Astronomers used a vast network of radio telescopes to obtain many images of supernova 2014J, revealing a lack of radio emission from the supernova and providing scientists the opportunity to learn more about these extremely important astrophysical phenomena and their underlying causes.
The supernova, a giant explosion of a star and the closest one to the Earth in decades, was discovered earlier this year by chance at the University of London Observatory. These phenomena are extremely important to study because they provide key information about our universe, including how it is expanding and how galaxies evolve.
The new research into its cause, published in the latest issue of the Astrophysical Journal, used vast networks of radio telescopes in the UK and across Europe including the seven telescopes of e-MERLIN operated from The University of Manchester’s Jodrell Bank Observatory. These enabled them to obtain extremely deep images revealing a lack of radio emission from the supernova.
Known as 2014J, this was a Type la supernova caused by the explosion of a white dwarf star, the inner core of the star once it has run out of nuclear fuel and ejected its outer layers. A white dwarf star can explode if its mass increases to about 1.4x times that of the Sun. At this point its core temperature reaches the point where carbon starts to undergo nuclear fusion. This spreads rapidly through the star resulting in a catastrophic thermonuclear explosion which rips the star apart, causing it to appear like a brilliant ‘new star’ shining billions of times brighter than the Sun.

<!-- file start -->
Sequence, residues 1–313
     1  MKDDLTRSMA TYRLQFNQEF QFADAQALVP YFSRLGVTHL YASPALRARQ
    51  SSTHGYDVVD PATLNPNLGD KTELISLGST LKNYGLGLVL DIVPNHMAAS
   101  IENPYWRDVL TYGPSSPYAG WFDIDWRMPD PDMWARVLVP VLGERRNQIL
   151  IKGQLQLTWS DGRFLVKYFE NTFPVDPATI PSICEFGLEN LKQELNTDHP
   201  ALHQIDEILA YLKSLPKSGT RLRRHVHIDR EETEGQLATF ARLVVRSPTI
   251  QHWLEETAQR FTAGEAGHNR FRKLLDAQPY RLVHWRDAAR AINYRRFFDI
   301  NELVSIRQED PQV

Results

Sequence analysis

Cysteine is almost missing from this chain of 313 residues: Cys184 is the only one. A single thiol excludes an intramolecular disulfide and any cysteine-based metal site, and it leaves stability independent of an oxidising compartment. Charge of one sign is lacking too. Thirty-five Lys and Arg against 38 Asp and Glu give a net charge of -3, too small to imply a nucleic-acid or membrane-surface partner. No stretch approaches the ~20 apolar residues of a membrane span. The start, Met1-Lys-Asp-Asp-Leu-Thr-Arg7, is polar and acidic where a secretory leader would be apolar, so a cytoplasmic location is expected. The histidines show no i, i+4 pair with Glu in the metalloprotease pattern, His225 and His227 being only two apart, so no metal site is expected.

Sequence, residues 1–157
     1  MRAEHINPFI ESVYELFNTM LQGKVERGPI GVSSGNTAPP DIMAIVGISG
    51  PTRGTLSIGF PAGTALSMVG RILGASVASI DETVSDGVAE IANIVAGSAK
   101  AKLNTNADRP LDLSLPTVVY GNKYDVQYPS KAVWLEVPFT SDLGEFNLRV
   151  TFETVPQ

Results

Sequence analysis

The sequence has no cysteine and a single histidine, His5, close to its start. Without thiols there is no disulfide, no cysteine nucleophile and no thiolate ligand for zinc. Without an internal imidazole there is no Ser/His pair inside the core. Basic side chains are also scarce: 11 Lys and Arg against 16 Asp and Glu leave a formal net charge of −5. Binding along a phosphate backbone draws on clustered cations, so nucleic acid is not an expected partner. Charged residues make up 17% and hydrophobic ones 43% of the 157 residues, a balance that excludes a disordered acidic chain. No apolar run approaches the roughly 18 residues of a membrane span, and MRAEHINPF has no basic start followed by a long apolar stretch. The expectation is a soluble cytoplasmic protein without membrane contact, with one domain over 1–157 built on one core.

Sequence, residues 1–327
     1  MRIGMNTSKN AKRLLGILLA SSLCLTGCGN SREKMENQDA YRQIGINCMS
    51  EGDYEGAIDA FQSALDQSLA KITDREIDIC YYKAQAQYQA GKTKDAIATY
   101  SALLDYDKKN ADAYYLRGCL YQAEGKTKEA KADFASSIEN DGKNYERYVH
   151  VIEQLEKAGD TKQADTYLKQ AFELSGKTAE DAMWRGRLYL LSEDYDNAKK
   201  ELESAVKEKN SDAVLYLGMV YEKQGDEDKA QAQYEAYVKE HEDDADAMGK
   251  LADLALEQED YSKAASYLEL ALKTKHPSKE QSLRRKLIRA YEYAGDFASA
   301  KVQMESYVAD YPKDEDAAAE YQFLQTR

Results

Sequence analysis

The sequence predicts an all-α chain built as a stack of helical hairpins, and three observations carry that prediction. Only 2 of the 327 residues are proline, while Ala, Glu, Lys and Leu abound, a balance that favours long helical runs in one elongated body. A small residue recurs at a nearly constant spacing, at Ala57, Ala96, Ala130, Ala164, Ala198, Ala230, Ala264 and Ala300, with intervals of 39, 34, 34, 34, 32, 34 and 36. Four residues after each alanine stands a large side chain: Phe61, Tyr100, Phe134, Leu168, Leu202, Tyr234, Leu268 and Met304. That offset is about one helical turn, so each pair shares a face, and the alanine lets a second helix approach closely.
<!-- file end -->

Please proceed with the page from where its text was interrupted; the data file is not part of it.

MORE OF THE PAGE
For decades there has been a dispute about how this happens but these new results rule out the vast majority of models and show the merger of two white dwarf stars is by far the most likely cause.
The research was led by Miguel Pérez-Torres, a researcher of the Spanish National Research Council who explained: “Supernovae play a fundamental role in the chemistry of galaxies and their evolution, as they are responsible for ejecting most of the heavy elements we see around us, including elements that cannot be formed in the interior of normal stars. A Nobel Prize was awarded in 2011 for the use of Type Ia supernovae to discover that the expansion of the Universe is accelerating. Yet, the basic question of what causes a Type Ia supernova was still a mystery”.
Rob Beswick, a co-author of the research paper from the University of Manchester’s Jodrell Bank Center for Astrophysics added: “The explosion of a Type Ia supernova is a rare event in the nearby Universe. Supernova 2014J is the closest Type Ia supernova to Earth since 1986, and it’s likely that more than a hundred years will pass until we see another such supernova so close to us. This was an amazing opportunity to learn more about these extremely important astrophysical phenomena and their underlying cause.”
Reference: “Constraints on the progenitor system and the environs of SN 2014J from deep radio observations” by M.A. Perez-Torres, P. Lundqvist, R. Beswick, C.-I. Bjornsson, T.W.M. Muxlow, Z. Paragi, S. Ryder, A. Alberdi, C. Fransson, J.M. Marcaide, I. Marti-Vidal, E. Ros, M. Argo and J.C. Guirado, 13 August 2014, The Astrophysical Journal.